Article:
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1995 U. Ill. L. Rev. 813 (1995)
Parents, Partners, and Personal Jurisdiction

handle is hein.journals/unilllr1995 and id is 827 raw text is: PARENTS, PARTNERS, AND
PERSONAL JURISDICTION
Rhonda Wasserman*
Generally speaking, a state court can compel a person to
appear and defend a civil suit only if the defendant has mini-
mum contacts with the state such that the assertion of jurisdic-
tion over her would be fair and reasonable. In divorce and child
custody actions, however, state courts often assert jurisdiction
over defending spouses or parents who lack such contacts.
Courts justify such assertions of jurisdiction by arguing that a
state must have power to determine the civil status of its citi-
zens (regardless of whether others who may have an interest in
that status are within the court's jurisdiction). In her article,
Professor Wasserman challenges the appropriateness of this sta-
tus exception in both the divorce and child custody contexts.
The article carefully explores the rationales that have been of-
fered, historically and presently, to justify the status exception.
The article then critiques each rationale in turn, demonstrating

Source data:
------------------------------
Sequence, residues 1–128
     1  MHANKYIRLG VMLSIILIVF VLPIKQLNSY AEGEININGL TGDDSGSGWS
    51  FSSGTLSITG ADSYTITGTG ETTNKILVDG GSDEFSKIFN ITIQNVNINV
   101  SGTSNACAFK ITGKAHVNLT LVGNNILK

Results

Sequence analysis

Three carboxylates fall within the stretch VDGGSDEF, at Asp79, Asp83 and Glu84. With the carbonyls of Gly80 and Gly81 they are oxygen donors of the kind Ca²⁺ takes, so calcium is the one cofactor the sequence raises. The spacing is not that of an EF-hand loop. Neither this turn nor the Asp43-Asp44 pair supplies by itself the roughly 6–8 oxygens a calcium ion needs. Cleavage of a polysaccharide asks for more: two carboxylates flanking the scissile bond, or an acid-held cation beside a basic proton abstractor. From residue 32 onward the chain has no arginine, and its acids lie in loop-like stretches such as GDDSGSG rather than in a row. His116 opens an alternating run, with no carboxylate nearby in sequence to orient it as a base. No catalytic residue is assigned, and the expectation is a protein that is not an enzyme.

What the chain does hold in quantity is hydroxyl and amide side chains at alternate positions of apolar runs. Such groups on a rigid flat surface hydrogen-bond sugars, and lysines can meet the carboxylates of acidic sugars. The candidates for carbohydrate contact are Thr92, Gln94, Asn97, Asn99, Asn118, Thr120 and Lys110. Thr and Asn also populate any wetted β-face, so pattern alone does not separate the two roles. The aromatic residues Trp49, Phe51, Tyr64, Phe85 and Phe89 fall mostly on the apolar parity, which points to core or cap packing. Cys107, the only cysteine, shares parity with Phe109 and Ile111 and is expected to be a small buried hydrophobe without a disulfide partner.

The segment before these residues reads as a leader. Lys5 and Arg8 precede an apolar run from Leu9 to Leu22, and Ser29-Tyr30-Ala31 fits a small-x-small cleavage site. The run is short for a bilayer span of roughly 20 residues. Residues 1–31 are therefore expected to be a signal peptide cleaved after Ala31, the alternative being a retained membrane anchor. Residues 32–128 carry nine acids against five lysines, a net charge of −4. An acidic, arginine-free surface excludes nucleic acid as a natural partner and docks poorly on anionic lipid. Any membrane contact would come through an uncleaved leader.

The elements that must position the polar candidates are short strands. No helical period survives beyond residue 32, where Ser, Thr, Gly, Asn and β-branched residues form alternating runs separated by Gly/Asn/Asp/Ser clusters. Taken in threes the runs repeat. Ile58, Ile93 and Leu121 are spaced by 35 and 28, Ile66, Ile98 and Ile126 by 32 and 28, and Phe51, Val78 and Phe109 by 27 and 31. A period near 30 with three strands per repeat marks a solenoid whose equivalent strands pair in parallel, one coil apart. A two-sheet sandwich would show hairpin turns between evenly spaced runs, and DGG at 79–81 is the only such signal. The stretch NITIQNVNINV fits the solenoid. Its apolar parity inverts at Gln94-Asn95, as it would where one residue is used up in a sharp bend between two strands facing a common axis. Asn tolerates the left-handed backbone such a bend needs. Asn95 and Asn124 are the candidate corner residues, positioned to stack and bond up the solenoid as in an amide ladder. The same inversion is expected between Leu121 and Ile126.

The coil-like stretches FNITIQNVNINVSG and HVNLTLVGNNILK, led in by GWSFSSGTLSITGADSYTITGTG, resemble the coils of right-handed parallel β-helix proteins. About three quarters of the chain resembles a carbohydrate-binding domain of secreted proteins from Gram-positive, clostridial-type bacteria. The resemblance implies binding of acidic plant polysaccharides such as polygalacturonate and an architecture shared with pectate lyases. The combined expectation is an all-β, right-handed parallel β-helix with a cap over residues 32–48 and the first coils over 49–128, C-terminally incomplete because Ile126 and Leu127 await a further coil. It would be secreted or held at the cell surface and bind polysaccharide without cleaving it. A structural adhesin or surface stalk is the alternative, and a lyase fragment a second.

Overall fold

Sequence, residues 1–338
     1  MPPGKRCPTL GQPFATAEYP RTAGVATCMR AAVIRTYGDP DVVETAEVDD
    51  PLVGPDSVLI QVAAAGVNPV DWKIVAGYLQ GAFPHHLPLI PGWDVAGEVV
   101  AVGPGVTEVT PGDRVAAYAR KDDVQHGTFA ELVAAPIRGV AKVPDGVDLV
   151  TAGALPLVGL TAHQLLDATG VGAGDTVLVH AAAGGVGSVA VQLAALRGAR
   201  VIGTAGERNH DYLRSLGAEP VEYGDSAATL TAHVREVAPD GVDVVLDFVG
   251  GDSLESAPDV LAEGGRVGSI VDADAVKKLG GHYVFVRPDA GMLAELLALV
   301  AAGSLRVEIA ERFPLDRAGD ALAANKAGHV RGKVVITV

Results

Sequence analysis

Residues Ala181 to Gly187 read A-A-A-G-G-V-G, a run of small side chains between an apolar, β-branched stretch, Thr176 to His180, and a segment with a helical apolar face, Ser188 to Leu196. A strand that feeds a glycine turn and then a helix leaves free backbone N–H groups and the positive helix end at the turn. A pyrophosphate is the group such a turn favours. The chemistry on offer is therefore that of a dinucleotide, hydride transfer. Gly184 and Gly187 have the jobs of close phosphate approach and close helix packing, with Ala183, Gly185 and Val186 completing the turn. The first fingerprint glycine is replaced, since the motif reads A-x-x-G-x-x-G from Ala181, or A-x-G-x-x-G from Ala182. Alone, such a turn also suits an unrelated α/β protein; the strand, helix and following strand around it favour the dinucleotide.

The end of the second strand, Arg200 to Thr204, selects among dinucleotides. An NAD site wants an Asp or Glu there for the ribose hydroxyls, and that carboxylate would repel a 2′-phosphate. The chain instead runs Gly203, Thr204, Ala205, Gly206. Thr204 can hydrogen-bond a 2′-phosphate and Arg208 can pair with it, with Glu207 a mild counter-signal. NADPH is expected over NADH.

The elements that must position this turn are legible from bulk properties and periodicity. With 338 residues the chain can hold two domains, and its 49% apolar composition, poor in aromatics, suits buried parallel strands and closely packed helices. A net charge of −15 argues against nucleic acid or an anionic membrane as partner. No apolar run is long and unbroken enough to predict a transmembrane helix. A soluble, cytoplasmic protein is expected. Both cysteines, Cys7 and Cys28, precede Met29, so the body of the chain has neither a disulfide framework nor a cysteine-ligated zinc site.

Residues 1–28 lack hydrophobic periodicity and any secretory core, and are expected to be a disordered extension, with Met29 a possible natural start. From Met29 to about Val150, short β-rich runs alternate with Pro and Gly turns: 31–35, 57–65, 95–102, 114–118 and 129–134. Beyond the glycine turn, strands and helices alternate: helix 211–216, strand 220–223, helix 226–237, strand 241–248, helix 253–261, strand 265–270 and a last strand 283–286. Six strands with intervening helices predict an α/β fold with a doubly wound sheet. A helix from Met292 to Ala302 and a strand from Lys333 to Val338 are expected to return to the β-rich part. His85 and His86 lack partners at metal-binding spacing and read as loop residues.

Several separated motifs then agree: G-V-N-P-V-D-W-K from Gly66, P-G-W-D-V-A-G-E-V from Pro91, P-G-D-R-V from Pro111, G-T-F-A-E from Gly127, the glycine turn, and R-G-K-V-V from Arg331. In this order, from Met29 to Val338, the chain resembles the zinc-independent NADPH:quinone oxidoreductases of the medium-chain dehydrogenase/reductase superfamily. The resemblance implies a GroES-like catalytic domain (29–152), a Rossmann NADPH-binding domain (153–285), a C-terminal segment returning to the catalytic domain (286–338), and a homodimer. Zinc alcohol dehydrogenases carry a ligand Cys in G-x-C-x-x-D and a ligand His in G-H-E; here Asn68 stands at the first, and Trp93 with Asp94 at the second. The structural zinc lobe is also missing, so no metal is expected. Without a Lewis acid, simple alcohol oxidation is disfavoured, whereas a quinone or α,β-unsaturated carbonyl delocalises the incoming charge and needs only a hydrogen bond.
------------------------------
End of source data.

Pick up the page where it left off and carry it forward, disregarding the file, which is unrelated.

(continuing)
that in the vast majority of divorce and child custody cases, due
process requires that the defending party have some connection
to the forum state.
[S]ettled family relationships may be destroyed by a procedure
that we would not recognize if the suit were one to collect a gro-
cery bill.1
INTRODUCTION
The intersection between family law and jurisdiction is messy. If
a married couple with children decides to divorce, a court may be
asked to resolve at least three different sets of family law issues:
Professor of Law, University of Pittsburgh School of Law. A.B. 1980, Cornell University;
J.D. 1983, Yale Law School.
I would like to thank Lea Brilmayer, George Cohen, Stan Cox, Susan Koniak, Jules Lobel,
Margaret Mahoney, Howard A. Stern, and Welsh White for their invaluable comments on earlier
drafts of this article. I am grateful to Beth Pride and Scott Klugman for their diligent research
and editorial assistance. I dedicate this article to my parents, Deborah and Marvin Wasserman.
1. Williams v. North Carolina, 317 U.S. 287, 316 (1942) [hereinafter Williams 1] (Jack-
son, J., dissenting) (footnote omitted).

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